Should Inheritance Tax Be Brought Back?
Free Malaysia Today, Photo Credit to Free Malaysia Today
clock 26-09-2017
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An economist has warned that reintroducing the inheritance tax can have severe repercussions on the economy, amid calls for its return to address the wealth disparity in Malaysia.


Speaking to FMT, Carmelo Ferlito said bringing back the inheritance tax, which was abolished 26 years ago by the administration of former prime minister Dr Mahathir Mohamad, could affect personal savings and investments.

He was commenting on the Consumers Association of Penang's (CAP) recent suggestion that the tax be brought back to help bridge the gap between the rich and poor in Malaysia, which has one of the highest Gini coefficient in Asia.

The Gini coefficient is used to measure income gaps between the rich and poor.

Before its abolition, the inheritance tax was applicable to estates with a net worth of above RM2 million (5% tax) and RM4 million (10% tax).
There have also been rumours that Putrajaya would reintroduce the tax in the coming Budget, but this has been refuted by Second Finance Minister Johari Abdul Ghani.

Impact on savings, investments
Ferlito, a senior fellow at the Institute for Democracy and Economic Affairs (IDEAS), said the inheritance tax hinders people from accumulating savings for their children, as they would be taxed for it.

"Imagine a man who wants to pass on an estate of RM1 million to his son. Without a tax, he must save RM1 million. With a 50% tax, he must save RM2 million. Will he do it? That depends on how much time, energy and money he's willing to sacrifice.

"The higher an inheritance tax, the more likely people will reduce their savings for the long term and increase their present consumption. This reduces a person's desire and ability to pass on their wealth.”

In the long run, Ferlito said that this would impact investments, as savings in banks are a primary resource for investments.

"Entrepreneurs need money to invest in businesses and usually these are in the form of loans from banks, which leverage on their customers' savings.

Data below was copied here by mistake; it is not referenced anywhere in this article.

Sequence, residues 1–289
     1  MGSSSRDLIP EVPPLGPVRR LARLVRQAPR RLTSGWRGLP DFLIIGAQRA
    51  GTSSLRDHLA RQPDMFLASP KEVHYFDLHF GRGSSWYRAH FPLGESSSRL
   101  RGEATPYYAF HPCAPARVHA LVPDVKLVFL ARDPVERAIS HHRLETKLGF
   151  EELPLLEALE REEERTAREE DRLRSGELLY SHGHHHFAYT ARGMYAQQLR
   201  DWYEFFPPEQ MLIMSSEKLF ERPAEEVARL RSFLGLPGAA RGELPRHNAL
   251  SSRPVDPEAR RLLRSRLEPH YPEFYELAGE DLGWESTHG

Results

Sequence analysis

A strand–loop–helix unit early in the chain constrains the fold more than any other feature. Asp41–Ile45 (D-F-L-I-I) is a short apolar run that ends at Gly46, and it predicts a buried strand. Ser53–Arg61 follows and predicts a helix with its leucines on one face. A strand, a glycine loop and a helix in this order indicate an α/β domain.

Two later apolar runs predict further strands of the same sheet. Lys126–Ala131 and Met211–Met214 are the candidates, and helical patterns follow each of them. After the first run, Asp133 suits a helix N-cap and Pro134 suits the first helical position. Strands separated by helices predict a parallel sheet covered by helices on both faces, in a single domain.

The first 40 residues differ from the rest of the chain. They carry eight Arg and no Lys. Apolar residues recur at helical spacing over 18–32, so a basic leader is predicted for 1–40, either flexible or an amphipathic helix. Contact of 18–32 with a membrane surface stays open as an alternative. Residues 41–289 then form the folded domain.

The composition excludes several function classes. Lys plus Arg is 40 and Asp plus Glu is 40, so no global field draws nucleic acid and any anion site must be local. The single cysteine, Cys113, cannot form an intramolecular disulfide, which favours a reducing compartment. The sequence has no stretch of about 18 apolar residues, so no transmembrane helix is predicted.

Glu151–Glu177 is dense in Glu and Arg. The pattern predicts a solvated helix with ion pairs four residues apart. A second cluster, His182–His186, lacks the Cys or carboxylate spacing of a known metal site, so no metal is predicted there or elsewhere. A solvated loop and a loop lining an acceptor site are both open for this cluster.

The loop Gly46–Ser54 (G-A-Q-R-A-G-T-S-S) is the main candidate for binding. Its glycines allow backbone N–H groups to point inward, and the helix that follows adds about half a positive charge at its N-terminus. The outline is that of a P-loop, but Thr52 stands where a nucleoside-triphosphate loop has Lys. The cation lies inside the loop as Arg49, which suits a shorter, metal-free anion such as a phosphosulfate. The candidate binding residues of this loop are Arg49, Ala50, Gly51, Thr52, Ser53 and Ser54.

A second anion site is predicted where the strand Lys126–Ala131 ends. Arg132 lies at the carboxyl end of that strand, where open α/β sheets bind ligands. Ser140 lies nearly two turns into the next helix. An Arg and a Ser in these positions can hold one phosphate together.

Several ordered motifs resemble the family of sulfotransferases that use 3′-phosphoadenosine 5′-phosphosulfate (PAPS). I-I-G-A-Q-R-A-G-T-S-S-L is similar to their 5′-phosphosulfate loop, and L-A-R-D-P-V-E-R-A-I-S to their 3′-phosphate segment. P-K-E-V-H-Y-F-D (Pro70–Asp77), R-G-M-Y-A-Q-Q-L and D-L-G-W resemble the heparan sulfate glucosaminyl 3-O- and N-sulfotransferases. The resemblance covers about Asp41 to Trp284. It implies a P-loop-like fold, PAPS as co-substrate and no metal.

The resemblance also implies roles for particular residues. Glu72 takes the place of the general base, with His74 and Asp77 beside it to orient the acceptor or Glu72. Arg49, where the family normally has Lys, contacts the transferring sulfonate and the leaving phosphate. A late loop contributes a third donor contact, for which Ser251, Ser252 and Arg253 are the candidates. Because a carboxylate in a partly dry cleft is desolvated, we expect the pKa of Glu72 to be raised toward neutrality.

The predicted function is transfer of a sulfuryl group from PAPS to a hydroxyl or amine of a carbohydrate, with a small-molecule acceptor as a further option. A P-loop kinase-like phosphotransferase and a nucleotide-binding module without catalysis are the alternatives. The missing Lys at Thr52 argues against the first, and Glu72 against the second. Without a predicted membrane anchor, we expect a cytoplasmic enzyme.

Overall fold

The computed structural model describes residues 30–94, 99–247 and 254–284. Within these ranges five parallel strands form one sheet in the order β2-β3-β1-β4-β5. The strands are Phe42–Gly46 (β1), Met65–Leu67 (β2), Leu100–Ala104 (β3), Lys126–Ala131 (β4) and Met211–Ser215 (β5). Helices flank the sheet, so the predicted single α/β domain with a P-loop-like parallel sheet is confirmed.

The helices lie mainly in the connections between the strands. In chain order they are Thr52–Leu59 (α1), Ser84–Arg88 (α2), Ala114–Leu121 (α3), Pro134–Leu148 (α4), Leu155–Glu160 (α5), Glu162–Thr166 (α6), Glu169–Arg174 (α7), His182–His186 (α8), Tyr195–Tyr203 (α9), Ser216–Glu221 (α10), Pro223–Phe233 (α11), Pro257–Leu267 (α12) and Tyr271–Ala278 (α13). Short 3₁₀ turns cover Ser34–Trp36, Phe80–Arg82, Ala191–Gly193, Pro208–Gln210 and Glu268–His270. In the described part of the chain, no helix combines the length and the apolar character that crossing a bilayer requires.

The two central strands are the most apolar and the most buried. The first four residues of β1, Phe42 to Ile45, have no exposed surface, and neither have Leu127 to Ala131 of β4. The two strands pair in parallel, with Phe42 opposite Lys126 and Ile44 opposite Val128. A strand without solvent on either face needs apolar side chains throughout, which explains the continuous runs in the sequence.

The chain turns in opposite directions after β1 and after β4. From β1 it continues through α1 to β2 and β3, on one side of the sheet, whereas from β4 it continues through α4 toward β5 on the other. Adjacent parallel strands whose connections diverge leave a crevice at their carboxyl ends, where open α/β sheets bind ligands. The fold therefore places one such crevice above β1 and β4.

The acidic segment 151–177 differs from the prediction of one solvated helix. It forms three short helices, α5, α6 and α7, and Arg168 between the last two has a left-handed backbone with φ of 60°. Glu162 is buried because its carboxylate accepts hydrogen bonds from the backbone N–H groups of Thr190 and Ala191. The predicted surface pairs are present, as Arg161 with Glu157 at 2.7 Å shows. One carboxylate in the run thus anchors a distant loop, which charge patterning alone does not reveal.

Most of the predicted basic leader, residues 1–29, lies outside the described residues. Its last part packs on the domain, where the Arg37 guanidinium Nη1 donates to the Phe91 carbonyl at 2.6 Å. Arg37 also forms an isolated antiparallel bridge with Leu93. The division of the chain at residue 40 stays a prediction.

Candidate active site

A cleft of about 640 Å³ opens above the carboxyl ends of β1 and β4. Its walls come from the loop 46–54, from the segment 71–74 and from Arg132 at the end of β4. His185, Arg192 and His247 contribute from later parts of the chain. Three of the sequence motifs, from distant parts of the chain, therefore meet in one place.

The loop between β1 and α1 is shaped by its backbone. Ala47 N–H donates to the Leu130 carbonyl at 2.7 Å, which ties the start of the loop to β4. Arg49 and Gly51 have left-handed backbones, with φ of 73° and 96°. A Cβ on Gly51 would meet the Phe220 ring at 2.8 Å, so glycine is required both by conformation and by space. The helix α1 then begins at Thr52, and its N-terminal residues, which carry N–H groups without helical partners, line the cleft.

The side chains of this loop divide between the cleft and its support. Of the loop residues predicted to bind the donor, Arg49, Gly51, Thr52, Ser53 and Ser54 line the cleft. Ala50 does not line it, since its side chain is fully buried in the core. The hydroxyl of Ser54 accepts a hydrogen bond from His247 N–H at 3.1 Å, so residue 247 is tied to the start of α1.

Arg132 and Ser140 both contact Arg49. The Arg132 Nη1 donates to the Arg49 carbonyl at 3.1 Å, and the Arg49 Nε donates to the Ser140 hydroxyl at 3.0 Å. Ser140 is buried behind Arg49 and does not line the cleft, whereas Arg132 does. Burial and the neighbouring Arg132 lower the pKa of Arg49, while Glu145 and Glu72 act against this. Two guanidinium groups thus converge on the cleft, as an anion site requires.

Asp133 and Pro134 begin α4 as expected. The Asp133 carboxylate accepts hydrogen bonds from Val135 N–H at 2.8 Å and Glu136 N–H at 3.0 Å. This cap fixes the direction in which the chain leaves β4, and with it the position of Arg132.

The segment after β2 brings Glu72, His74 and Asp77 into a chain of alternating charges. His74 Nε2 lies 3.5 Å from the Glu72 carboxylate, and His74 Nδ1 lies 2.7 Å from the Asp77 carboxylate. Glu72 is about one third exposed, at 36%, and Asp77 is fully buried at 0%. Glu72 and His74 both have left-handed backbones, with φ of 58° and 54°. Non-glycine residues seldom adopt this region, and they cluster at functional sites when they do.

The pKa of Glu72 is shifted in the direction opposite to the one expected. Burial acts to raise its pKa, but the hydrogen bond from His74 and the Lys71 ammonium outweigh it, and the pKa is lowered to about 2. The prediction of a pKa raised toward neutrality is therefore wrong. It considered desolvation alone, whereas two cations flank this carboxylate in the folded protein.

"If there is sufficient amount of savings, this can help lower interest rates for loans because the banks have a ‘safety net'.”

But, he said, if people are discouraged from saving their money, banks will be discouraged to loan money for investments due to a lack of customers' savings to back the loans.

Ferlito also said an inheritance tax may be construed by some members of society as a form of "double taxation”, as they would have already paid income tax and taxes on property when they were alive.

Housing market will be affected
Real Estate and Housing Developers' Association patron Ng Seing Liong said an inheritance tax could lead to capital flight.

"A lot of money leaves Malaysia because people will take their savings elsewhere, possibly buying shares, properties or keeping it in overseas bank accounts.”

He also said the property market would be affected as those thinking of buying properties as investments may not want to do so.

"There is also the issue of those who inherit properties from their parents but are not financially able to pay the taxes on it.

"They might be forced to sell the property just to pay the inheritance tax.”

Not part of opposition's plans
Meanwhile, PKR's Wong Chen said the inheritance tax, which the federal opposition had proposed in 2015, will not be part of Pakatan Harapan's (PH) 2018 Alternative Budget.

"We did consider the matter in 2015 and we are aware of the issues raised by CAP" said Wong, who is part of PH's policy group.

Generally, he said, an inheritance tax is aimed at re-distributing the wealth and targeting the richest Malaysians.

"Going forward, whether we implement the policy or not will depend on several factors.

"The most important factors are the data on the wealthiest Malaysians and what is the potential projected revenue from such a tax.”

Wong said a PH federal government will also need to consider the appropriate tax rate and what items to be exempted.

As an example, Wong said there is a strong argument for a family house to be exempted from inheritance tax.

"There is also a good argument to set a low tax rate of 10% and exempt the first RM10 million.”

But, Wong said, that until PH has better data to make the necessary projections, PH has no intention of introducing inheritance tax in its 2018 alternative budget.




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